This show was the first of two nights at Benaroya Hall. Connick’s 28-date “A Holiday Celebration Tour” supported his fourth holiday album, Make It Merry.
— Set List:
Sleigh Ride Santa Claus Is Coming to Town When My Heart Finds Christmas It Had to Be You The Way You Look Tonight Blue Christmas Silent Night I Pray on Christmas The Christmas Song (Chestnuts Roasting on an Open Fire) (It Must’ve Been Ol’) Santa Claus Please Come Home for Christmas Papa Noël Tico Tico Bourbon Street Parade Have Yourself a Merry Little Christmas Make It Merry What Are You Doing New Year’s Eve Come By Me
(Encore) Jingle Bells
Harry Connick, Jr. Merch – photo by Lisa Hagen Glynn
Japanese artists are on my mind as I post this final SXSW 23 preview. Also, some other great female musicians make themselves heard in a big way. I hope these posts have helped make any attendee decide on which shows will be fun!
Rock band with the most peculiar member names – Clams Baker Jr, Lightnin’ Jack Everett , Quicksand , Mr. Salt Fingers Lovecraft and The Witherer aka Little Whiskers – have just released a new song called “Love Strong.” A fan? Check it out over here.
Do you like some classical guitar? Alexandra Whittingham is a classical guitarist with an impressive education (Chetham’s School of Music, London’s the Royal Academy of Music in London). She has performed all over the world, and has an adorable cat.
Alexandra Whittingham – photo from Alexandra Whittingham’s Facebook
Woodes will be worth checking out just for her clothing itself, but she’s also a wonderful pop artist. Not sure if she will work some creative outfits into her set – maybe? The producer/songwriter draws from different arts, and incorporates them into her presence.
Close to wrapping up features on just some of the great bands coming to SXSW this year. Today’s list includes artists from Spain, Ukraine, Ireland and more. Electronic, rock, metal. . . whatever you fancy is there for you.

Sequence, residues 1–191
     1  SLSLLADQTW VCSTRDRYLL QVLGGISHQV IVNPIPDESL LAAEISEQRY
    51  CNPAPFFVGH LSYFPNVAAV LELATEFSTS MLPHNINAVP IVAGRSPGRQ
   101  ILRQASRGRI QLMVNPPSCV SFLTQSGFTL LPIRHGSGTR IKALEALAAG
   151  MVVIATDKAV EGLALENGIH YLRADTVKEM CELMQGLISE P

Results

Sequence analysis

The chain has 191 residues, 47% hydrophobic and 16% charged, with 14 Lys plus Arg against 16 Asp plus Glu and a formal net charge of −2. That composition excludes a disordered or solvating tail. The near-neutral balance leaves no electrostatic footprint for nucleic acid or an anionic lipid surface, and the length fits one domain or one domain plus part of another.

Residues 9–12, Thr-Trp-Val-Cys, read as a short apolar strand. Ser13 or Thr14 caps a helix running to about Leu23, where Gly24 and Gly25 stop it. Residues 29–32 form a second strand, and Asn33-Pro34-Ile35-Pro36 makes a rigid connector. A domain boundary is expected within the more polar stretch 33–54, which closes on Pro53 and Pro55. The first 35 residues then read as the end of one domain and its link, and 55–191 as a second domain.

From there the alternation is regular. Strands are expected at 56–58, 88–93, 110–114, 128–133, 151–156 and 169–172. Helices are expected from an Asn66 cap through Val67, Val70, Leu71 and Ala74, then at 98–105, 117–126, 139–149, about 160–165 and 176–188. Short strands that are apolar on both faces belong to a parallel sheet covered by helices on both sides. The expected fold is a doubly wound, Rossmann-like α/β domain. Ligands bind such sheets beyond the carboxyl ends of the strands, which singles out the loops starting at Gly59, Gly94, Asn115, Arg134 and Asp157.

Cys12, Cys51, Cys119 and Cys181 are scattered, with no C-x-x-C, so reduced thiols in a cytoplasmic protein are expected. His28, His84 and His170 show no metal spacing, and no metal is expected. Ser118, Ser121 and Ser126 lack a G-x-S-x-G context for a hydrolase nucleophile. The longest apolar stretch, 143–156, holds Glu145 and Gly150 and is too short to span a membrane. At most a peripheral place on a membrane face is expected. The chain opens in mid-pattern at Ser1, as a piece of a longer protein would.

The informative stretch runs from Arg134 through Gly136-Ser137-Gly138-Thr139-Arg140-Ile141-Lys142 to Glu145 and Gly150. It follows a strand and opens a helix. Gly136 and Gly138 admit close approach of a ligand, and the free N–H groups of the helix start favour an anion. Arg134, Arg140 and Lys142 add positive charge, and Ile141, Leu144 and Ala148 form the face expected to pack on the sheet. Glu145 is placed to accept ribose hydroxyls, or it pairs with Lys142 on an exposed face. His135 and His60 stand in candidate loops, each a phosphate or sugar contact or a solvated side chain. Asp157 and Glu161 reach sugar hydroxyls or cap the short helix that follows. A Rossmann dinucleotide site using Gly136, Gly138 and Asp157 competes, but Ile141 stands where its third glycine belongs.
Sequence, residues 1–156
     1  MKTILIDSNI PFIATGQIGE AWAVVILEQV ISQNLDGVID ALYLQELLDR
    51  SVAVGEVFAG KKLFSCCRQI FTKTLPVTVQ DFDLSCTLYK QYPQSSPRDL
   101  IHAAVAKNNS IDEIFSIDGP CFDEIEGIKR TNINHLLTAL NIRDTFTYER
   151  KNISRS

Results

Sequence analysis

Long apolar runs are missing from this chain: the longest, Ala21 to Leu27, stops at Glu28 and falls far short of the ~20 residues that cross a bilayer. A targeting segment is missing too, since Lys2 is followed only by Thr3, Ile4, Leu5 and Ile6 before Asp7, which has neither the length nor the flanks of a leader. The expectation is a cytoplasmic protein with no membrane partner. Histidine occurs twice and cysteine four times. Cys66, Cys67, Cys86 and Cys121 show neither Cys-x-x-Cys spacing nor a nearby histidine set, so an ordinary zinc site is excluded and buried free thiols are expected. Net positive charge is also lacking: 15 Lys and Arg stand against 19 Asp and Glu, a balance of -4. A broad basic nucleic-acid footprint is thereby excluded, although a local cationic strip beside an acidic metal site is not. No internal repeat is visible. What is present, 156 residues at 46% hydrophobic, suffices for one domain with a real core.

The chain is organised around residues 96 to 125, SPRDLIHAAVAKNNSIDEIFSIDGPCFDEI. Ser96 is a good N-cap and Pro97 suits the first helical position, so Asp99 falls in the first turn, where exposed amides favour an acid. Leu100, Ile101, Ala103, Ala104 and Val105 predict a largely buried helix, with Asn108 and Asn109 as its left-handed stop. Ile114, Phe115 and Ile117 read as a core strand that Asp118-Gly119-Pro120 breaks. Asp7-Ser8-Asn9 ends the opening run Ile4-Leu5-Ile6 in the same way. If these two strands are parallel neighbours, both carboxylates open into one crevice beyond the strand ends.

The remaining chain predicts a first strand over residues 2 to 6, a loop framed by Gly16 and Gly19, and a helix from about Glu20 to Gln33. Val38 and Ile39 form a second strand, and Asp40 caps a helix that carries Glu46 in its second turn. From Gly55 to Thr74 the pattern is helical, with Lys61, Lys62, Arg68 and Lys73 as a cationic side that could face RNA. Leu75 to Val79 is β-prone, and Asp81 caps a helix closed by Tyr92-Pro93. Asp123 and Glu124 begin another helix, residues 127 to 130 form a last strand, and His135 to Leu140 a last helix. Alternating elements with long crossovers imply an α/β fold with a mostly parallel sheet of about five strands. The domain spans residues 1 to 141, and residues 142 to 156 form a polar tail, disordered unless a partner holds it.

Australia’s Salarymen have four shows at this year’s SXSW, plus thee rock duo had shows in Japan last year. Renee (de la Motte) told AnalogueTrash, about their beginnings: “We started dating while Thom (Eagleton) was in bands around Sydney (several of which fizzled out sadly) and decided together that now was the time to start our own project! That way, the only way the band could break up is if we did!”
Rock group the Scratch, who are from Dublin, gamely posed with pugs one time. This is the best. They will tour the United States and Canada for the first time, and, while scratch can mean many things, I’m guessing they mean money.
Electronic duo from the Denotsk region in Ukraine. Returning for a third visit to SXSW, they’re electronic and folk (Kirill Vakare plays the flute!) Last year, the pair released an EP called Tysha, which means silence in Ukrainian. On their SoundCloud, they described the EP as “. . . songs about love, about separation of people and strong feelings that help us deal with war.”
London’s Sports Team have been around approximately 6 years and they’ve already had one Mercury Prize nomination. They’re known for great live shows and this will be their first appearance at SXSW. The rock group formed at the University of Cambridge, and I think that gives them intriguing clout. ~